How To Work Out Your Home Buying Budget

Crunch the numbers and get your head around a fixed home-buying budget you can stick to.

By Homicity

Sep 14, 2017

How To Work Out Your Home Buying Budget

Time to crunch the numbers and get your head around a fixed home-buying budget you can stick to. You always need a budget when buying property. This is likely going to be the most expensive thing you ever buy, and going in blind can make this mountain so much harder to climb. Affordability is everything, so in this post, we wanna try and help you understand exactly how you’re supposed to work out an appropriate home-buying budget. The first step is:

The numbers game

The internet has completely changed the way people approach modern home-buying. You can now find loads of affordability calculators online that will help identify your total budget for you. These calculators will ask you for details on your current financial circumstances, most will require the following information:

Your gross annual income

This is the amount of money you earn from all sources before taxation.

All outstanding debts

This is money that you owe to others. These can include credit card payments, car payments, student loans, and any other outstanding amounts that you currently owe.

Your down payment amount

This is the amount of money you have saved to this point and will use as your lump sum deposit for the house. All mortgages require a down payment as a sign of your commitment to the investment. No money down options might be available but expect to pay higher rates and unfavourable terms. 

Using this information, the calculator will chew the numbers and provide you with a suitable budget. Usually, it’s in the form of a maximum spend amount. You’ll want to keep this number as the backbone of your home-hunt, as attempting to buy a home above your recommended affordable budget is going to come with significant risks.   

Understanding your DTI

Your DTI is your Debt to Income ratio. It’s the key aspect that lenders look at when considering your circumstances. There are a wealth of DTI calculators online if you want to check yours out for yourself. This ratio is used to asses how much of your income is being paid towards your debts and plays a crucial role in determining the type of mortgage you’ll be offered.

Another tool that will prove useful and can be found very easily online is a mortgage calculator. With all the details mentioned above, you can throw your finances into the calculator and get a breakdown of the interest rate you’d receive as well as the payments you’ll be seeing every month.

Once you’ve tried it, you can then change up the numbers to see how the results adapt. Compare longer-term loans to shorter ones, lower-priced houses to higher, and have a play until you have a good grip on how the calculations would work for you. The idea is to find the right arrangement that works for you perfectly and having realistic numbers to hand can go a long way in helping you pin down what you can afford, and what you can't.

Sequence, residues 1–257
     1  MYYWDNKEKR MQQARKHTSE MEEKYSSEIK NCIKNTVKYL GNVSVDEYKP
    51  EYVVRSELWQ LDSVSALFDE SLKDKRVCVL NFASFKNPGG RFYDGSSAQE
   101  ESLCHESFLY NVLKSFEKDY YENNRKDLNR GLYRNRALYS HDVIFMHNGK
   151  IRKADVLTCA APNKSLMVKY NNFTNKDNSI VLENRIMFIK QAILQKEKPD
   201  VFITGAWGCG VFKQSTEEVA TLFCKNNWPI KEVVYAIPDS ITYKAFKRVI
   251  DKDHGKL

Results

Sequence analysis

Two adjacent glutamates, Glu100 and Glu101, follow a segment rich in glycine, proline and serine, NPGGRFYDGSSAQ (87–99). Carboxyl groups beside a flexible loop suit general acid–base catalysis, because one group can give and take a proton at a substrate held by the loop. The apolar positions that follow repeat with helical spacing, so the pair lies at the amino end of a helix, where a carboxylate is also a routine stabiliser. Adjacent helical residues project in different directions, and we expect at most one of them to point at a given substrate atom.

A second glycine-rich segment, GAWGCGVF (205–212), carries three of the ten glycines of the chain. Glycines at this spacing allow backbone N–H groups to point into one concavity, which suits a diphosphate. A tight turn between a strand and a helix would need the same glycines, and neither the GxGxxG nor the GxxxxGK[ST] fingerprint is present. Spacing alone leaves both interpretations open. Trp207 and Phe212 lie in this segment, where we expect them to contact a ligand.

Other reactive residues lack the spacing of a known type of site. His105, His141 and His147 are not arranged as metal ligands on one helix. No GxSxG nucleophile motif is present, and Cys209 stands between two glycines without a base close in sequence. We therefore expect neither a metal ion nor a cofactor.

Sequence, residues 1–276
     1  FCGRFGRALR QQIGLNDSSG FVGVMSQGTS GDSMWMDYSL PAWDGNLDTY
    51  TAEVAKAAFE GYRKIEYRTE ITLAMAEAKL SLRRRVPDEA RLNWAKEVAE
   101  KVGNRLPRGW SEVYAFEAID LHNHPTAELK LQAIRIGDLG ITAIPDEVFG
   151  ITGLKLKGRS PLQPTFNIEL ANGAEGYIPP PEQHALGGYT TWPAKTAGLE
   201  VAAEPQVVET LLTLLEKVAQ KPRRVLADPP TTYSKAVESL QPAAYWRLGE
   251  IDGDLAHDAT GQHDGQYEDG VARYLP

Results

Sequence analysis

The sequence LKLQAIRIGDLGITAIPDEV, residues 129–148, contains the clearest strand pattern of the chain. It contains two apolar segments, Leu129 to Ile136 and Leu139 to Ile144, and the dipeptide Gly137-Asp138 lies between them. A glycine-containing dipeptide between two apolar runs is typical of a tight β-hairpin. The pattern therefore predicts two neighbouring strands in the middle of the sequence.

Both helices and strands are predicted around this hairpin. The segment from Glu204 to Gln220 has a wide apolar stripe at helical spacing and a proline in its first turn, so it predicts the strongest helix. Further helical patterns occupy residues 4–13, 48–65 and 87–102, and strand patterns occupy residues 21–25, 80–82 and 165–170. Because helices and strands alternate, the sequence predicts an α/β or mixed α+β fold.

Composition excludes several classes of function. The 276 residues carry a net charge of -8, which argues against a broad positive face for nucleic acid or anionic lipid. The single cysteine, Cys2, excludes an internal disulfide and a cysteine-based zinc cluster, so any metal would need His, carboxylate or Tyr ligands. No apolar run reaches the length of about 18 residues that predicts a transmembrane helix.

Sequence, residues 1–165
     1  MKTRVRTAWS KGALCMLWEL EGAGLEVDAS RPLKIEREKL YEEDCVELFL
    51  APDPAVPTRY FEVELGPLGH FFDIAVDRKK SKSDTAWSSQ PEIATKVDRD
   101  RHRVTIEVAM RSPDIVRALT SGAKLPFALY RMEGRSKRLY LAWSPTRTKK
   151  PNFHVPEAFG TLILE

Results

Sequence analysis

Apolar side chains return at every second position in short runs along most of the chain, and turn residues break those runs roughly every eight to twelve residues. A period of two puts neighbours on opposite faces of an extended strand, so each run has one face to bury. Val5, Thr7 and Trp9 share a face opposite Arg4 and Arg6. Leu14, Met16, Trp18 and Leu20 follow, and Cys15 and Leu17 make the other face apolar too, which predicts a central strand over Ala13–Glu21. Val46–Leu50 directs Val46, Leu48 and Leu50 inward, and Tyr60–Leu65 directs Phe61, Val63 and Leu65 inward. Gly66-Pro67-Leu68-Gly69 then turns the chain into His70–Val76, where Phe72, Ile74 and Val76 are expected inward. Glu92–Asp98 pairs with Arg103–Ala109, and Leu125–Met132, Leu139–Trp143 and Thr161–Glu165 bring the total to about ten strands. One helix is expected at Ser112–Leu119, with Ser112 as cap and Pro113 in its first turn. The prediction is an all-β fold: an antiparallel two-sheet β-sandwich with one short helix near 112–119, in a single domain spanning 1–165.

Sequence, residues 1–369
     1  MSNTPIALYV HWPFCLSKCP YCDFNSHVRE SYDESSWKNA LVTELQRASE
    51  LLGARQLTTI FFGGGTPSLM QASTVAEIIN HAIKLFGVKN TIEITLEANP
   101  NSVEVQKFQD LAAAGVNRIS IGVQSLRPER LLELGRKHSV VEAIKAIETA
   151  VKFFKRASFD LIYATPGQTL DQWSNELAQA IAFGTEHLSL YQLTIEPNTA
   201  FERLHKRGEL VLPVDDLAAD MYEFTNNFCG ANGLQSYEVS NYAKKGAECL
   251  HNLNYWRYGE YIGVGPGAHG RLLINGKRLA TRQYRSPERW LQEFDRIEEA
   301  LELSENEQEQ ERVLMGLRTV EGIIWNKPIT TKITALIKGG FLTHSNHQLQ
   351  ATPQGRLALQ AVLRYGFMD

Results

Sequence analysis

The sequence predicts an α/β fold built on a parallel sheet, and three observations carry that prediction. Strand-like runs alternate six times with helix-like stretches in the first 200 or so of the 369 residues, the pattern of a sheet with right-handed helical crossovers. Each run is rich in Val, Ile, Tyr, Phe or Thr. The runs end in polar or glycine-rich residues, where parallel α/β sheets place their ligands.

Market research

It’s all very well knowing how the finances look, but it’s also essential to translate your budget over to real life listings in the current market. You’ll need a good understanding of what your current affordability will get you if you want to search and find appropriate options effectively.   

Housing prices can differentiate wildly from area to area, as there are so many factors determining the value of a particular property. Throw your geographical preferences into a property search and see what the prices are like in your first choice neighbourhoods.

Buyers and seller's markets

This is a term you might have heard before and will almost certainly come across numerous times over the course of your hunt. A property is considered within a buyer's market if it’s located in an area where local real estate prices are stagnant or depreciating. You’ll notice that in these areas the amount of property you get for your money is likely to be far higher. In such environments, the buyer has the “edge”, as a property is generally harder to sell in these circumstances.   

Seller's markets are the opposite. In a seller's market, the values of surrounding properties are rising and the value for money is decreasing. Property is in high demand here, which puts sellers in the driving seat. In these environments you need expect the hunt to be far more cutthroat and challenging. Offers below asking price are likely to be ignored as hot property always attracts escalating bids. Just imagine every listing you look at is being chased by an ever increasing mountain of serious buyers because that’s pretty much exactly what's happening!


Homicity helps you find your dream home in the perfect community. Whether you are buying, renting, or selling, you can navigate the Canadian real estate market with confidence with our expert advice, market news, and recommendations powered by AI.

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